Why the US should talk to Hamas
As the 40th anniversary of the Israeli occupation of the West Bank and Gaza approaches, the US must ensure justice for the Palestinians if it is to wrest its image from the dustbin, writes Jamil Dakwar*
The US government has shown wisdom enough in the past to recognise when liberation movements designated as "terrorist organisations" make worthy partners for peace talks. The Irish Republican Army in Northern Ireland and the Liberation Tigers of Tamil Eelam in Sri Lanka are two good examples. Now the US has such an opportunity in the Middle East.
Last week, Palestinian Fatah leader Mahmoud Abbas asked Ismail Haniyeh of Hamas to form a unity government based on the Mecca Accord under which Hamas has committed itself "to respect international resolutions and the agreements signed by the Palestine Liberation Organisation." By accepting the Mecca Accord, which was brokered by America's ally in the region, Saudi Arabia, Hamas is de facto recognising Israel and is showing serious willingness to pursue negotiations to achieve peace in place of armed resistance.
Over the past year, the US and other Western countries have sided with Israel in suspending all contacts with the Hamas- controlled Palestinian Authority, including freezing foreign assistance to the Palestinian people. The result has been a deteriorating economic situation that has worsened the living conditions of the Palestinian civilian population and made the possibility of any political solution more distant than ever.
While European reaction to the Mecca Accord has been by and large positive, diverging from the Quartet's conditions, raising hopes of an end to the political impasse and the economic boycott on the Palestinian people, the US position has unfortunately remained unchanged.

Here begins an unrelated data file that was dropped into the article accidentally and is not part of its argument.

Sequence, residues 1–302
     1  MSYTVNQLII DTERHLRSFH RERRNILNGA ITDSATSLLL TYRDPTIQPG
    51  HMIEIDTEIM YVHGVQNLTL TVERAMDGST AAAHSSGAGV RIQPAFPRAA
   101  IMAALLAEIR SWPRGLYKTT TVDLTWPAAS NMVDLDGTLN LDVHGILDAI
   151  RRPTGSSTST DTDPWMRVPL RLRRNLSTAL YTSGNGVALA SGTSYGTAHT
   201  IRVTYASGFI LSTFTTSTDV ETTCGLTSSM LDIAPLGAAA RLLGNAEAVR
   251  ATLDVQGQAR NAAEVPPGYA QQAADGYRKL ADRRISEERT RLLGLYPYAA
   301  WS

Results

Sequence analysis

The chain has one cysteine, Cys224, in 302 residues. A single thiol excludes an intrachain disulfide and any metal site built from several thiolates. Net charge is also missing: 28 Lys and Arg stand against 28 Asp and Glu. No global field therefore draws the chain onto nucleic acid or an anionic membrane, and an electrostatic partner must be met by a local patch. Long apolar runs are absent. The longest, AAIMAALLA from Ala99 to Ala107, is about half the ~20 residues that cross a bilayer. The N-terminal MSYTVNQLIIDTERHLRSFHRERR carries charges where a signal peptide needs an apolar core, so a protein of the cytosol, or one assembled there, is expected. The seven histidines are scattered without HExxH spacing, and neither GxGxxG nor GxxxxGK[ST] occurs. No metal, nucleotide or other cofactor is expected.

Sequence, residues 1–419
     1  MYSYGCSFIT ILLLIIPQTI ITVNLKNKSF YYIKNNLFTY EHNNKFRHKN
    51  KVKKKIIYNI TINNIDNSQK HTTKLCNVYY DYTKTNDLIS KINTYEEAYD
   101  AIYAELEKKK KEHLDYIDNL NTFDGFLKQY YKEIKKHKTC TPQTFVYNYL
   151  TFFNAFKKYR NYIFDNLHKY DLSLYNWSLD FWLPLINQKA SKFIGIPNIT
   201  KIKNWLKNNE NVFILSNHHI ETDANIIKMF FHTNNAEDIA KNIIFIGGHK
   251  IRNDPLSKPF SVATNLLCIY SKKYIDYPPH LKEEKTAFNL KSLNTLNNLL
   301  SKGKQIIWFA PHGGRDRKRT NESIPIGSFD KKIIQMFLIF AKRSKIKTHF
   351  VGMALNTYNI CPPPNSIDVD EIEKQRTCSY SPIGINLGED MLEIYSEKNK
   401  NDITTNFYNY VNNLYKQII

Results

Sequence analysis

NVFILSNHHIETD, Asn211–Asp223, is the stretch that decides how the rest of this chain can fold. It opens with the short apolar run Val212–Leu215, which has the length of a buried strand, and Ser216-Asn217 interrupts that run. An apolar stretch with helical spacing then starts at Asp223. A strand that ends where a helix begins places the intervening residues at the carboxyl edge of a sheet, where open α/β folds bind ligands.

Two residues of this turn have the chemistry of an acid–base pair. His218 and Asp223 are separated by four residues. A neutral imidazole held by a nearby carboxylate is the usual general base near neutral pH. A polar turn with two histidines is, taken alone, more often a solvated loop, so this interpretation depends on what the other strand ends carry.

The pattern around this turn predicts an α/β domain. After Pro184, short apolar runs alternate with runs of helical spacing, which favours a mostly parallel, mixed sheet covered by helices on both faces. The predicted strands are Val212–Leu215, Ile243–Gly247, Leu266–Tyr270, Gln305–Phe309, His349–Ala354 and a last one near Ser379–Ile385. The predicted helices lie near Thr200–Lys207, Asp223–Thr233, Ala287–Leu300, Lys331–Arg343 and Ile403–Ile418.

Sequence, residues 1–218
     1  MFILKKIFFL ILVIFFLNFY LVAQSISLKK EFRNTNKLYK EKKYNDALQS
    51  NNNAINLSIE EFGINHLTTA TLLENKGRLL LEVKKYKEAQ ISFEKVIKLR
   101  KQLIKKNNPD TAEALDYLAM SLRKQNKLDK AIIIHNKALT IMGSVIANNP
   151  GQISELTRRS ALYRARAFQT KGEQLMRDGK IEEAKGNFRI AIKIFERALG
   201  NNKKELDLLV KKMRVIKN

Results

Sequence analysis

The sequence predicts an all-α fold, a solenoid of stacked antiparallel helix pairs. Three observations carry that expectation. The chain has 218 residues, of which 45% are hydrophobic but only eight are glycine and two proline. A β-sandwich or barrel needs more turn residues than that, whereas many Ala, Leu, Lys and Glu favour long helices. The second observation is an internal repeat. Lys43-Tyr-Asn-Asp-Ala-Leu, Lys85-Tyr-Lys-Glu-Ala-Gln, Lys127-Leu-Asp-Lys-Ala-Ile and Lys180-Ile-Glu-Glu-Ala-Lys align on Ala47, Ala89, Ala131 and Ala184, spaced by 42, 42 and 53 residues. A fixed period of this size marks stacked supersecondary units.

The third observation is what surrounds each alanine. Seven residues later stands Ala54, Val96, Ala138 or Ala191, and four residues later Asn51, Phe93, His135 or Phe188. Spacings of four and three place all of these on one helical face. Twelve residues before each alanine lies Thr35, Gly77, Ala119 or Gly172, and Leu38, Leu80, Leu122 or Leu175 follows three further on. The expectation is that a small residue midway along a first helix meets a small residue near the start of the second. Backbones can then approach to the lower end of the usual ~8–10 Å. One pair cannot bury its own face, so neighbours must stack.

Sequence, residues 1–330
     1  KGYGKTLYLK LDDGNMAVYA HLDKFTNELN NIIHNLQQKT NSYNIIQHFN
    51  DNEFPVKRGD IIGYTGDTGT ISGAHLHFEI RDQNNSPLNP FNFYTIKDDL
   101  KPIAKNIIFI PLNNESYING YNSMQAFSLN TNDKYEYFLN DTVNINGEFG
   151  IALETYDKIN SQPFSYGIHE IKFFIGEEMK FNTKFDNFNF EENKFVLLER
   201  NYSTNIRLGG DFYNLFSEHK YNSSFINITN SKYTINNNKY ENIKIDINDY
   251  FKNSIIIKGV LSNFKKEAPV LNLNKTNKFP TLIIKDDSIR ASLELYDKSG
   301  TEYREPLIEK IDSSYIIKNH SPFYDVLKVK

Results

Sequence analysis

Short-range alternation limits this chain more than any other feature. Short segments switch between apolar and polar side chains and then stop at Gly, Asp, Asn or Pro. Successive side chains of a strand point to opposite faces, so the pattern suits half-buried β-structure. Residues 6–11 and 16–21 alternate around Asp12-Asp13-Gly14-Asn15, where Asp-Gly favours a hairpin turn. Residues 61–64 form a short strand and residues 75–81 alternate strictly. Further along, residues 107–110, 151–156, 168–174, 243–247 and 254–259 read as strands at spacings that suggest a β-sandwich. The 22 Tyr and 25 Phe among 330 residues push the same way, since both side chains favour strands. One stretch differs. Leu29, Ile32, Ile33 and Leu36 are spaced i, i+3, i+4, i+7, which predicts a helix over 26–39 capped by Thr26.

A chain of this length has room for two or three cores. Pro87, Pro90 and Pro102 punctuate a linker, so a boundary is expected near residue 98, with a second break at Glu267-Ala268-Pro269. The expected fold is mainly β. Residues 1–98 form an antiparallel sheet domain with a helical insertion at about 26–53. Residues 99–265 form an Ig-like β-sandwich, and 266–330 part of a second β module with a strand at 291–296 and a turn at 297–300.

Why does the Bush administration insist on rejecting any political pragmatism from the Palestinians and whose interests are being served by this attitude? Aside from the past few weeks of unfortunate deadly street fights between Hamas and Fatah which claimed more than 100 lives, Hamas has shown a great deal of national responsibility and political pragmatism, starting with its decision to run for national elections under the Oslo framework and ending with the Mecca Accord, despite mounting international and internal pressure that almost led to a coup d'état.
With Hamas as a significant political power, it has become crystal clear that no deal between Israel and the Palestinians can be reached without Hamas. Hamas and its leadership are key players in the success of any future settlement between Israel and the Palestinian people, just as Arafat and the PLO were seen as crucial players in reaching peace between the parties in the early 1990s. Engaging with Hamas and recognising its legitimacy as a crucial player representing large segments of the Palestinian people will not only make a future settlement between Israel and the Palestinians more feasible and long-lasting, but it will also improve America's reputation as a fair broker and improve its standing in the Middle East and in the world at large.
Last December, the bi-partisan Baker-Hamilton Iraq Study Group correctly asserted that "the United States will not be able to achieve its goals in the Middle East unless the United States deals directly with the Arab-Israeli conflict." Israelis and Palestinians deserve a more attentive, committed and involved administration; an administration that is not taken hostage by the Christian rightwing and lobbying groups who continue to sound the drums of war and military confrontation, causing harm to both America and the peoples of the Middle East.
This year, the Palestinians will mark the 40th anniversary of the Israeli occupation. America's credibility in the region will remain questionable without a fair and just solution for the Palestinian-Israeli conflict. Moreover, America's pledge of freedom and democracy for all will remain hollow as long as freedom and justice are denied to the Palestinians. It will be perhaps the last chance for the Bush administration to reshape its legacy of wars, invasions and support to military occupations with one that respects peoples' dignity and their right to self-determination and to live in peace and security.
* The writer is a Palestinian lawyer based in New York.